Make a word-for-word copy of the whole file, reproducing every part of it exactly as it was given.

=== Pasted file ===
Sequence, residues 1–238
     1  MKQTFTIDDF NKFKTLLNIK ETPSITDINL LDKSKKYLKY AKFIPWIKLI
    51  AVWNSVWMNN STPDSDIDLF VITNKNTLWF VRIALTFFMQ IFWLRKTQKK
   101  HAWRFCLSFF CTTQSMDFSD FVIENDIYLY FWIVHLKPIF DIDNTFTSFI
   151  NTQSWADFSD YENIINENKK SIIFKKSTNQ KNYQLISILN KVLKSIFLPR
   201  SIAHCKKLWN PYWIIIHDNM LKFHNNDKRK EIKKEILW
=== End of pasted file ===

Sequence, residues 1–238
     1  MKQTFTIDDF NKFKTLLNIK ETPSITDINL LDKSKKYLKY AKFIPWIKLI
    51  AVWNSVWMNN STPDSDIDLF VITNKNTLWF VRIALTFFMQ IFWLRKTQKK
   101  HAWRFCLSFF CTTQSMDFSD FVIENDIYLY FWIVHLKPIF DIDNTFTSFI
   151  NTQSWADFSD YENIINENKK SIIFKKSTNQ KNYQLISILN KVLKSIFLPR
   201  SIAHCKKLWN PYWIIIHDNM LKFHNNDKRK EIKKEILW